Fibromyalgia, fibrin and proteolytic enzymes

For the most part, people with fibromyalgia do not have a strong enzymatic capacity for producing enzymes that break down fibrin, let alone digest their food properly.

For the most part, people with fibromyalgia do not have a strong enzymatic capacity for producing enzymes that break down fibrin, let alone digest their food properly.

by Betsy Timmerman — 

It has long been known that people with chronic muscle pain or fibromyalgia have more fibrin in their tissues and blood. This fibrin, while initially helpful in the early stages of healing after an injury, can become problematic if the body does not clear itself of the agent after it has done its work.

Fibromyalgia sufferers experience micro-tears in their muscles from the normal activity of daily living — each and every day. But because the average fibromyalgia patient does not achieve and stay in stage 4 delta sleep at rest, growth hormone is not produced in enough quantities to heal these tears, which leads to more fibrin buildup.

For the most part, people with fibromyalgia do not have a strong enzymatic capacity for producing enzymes that break down fibrin, let alone digest their food properly. This leads to a buildup of fibrin, which over time catches red blood cells in a web of restriction. This fibrin causes a physical restriction of blood flow. Red blood cells literally become stuck, disabling them from getting into the capillaries to oxygenate and nourish the muscles where the metabolic waste that causes pain is removed.

The body uses fibrin to help heal itself after an injury. However, if you have poor blood flow and a lack of enzyme activity, fibrin will start to accumulate. If the injured area is slow to heal, fibrin accumulation appears as clumps of scar tissue in the muscles or at a surgical site.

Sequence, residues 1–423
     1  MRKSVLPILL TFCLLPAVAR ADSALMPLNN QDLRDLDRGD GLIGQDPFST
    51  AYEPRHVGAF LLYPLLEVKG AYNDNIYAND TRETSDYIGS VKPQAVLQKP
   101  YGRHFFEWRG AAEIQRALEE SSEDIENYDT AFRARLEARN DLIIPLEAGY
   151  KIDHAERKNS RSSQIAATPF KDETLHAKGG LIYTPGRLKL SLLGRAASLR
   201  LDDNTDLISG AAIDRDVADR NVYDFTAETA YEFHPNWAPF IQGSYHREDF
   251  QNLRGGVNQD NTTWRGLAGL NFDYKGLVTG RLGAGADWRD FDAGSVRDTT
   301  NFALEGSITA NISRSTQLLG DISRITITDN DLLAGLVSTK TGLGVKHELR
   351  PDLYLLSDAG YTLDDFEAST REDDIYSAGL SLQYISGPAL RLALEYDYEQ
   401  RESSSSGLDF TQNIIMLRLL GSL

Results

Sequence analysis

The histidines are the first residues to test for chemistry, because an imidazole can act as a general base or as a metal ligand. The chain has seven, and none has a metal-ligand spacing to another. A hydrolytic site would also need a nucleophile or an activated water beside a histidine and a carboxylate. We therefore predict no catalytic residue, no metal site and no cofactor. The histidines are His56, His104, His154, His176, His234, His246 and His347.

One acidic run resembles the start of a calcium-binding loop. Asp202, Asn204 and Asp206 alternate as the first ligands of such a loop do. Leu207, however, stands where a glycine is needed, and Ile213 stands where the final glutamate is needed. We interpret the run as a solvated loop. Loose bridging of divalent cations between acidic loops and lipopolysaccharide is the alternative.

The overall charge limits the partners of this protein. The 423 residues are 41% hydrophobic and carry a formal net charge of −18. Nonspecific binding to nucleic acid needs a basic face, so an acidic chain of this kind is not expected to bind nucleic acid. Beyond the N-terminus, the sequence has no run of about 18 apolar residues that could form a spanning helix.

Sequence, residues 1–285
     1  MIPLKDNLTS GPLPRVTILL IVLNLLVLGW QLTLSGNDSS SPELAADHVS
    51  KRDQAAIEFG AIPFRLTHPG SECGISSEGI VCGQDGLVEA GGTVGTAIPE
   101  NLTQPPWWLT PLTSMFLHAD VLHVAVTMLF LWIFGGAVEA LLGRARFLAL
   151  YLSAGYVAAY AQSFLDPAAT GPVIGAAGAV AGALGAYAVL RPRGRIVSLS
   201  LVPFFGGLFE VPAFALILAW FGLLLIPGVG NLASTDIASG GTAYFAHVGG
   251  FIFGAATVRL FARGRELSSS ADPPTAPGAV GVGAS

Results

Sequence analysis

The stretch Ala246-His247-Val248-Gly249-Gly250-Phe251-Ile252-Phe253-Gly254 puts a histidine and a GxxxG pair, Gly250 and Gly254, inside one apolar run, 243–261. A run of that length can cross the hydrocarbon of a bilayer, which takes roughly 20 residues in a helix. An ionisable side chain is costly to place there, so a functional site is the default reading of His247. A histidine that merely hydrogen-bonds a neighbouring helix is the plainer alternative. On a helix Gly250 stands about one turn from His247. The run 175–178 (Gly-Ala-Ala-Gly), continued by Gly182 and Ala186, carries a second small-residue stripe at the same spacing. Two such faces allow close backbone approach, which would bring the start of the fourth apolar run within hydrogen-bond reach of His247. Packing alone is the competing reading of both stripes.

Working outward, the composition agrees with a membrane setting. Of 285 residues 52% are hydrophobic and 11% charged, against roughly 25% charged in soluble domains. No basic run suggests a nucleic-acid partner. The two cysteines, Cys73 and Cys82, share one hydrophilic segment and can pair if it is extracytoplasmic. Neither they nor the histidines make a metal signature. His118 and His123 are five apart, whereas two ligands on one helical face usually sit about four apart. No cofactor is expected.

Ultimately, if excess fibrin is present throughout the circulatory system, blood flow is restricted to areas of the body that need it most. Over time, the body compensates for this restriction by increasing its blood pressure. People with excess fibrin suffer from chronic fatigue, slow healing, inflammation and pain, as well as elevated blood pressure.

Proteolytic enzymes taken on an empty stomach break down these proteins into their smallest elements. The enzymes pass through the stomach and intestinal lining, and enter the bloodstream where they begin the process of breaking down the buildup in the muscles, connective tissue and blood. These enzymes bring nutrition and oxygen-rich blood that can remove the metabolic waste produced by inflammation and excess fibrin.

Serrapeptase has been proven to be the strongest of the proteolytic enzymes, inducing anti-inflammatory, fibrinolytic and anti-edemic (prevents swelling and fluid retention) activity in a number of tissues.

Do not buy enzymes that list the dosage in milligrams (mgs) or have “proprietary enzyme blend” on the label. Enzymes are not measured in milligrams, and the term “proprietary blend” gives you no information on how much enzymatic activity you are getting from the product. Proteases are measured in HUT units.

Proteolytic enzymes have an overall positive safety record, but as with any supplement, there is always the risk of developing an allergy to one or more of the ingredients. If this should happen, discontinue use.

Using enzymes to clear your body of fibrin takes time. It takes years to develop webs of fibrin in your tissues — so be patient, log your usage and, over time, notice how much less pain and how much more flexibility you have.

 

Betsy Timmerman is a certified myotherapist and exercise therapist, a fibromyalgia educator and a therapeutic lifestyle educator. She works with people who suffer from pain but specializes in fibromyalgia recovery plans for patients stuck in their recovery. btzee6@gmail.com, eastwestpainsolutions.com or 623-251-7547.

Reprinted from AzNetNews, Volume 32, Number 2, April/May 2013.

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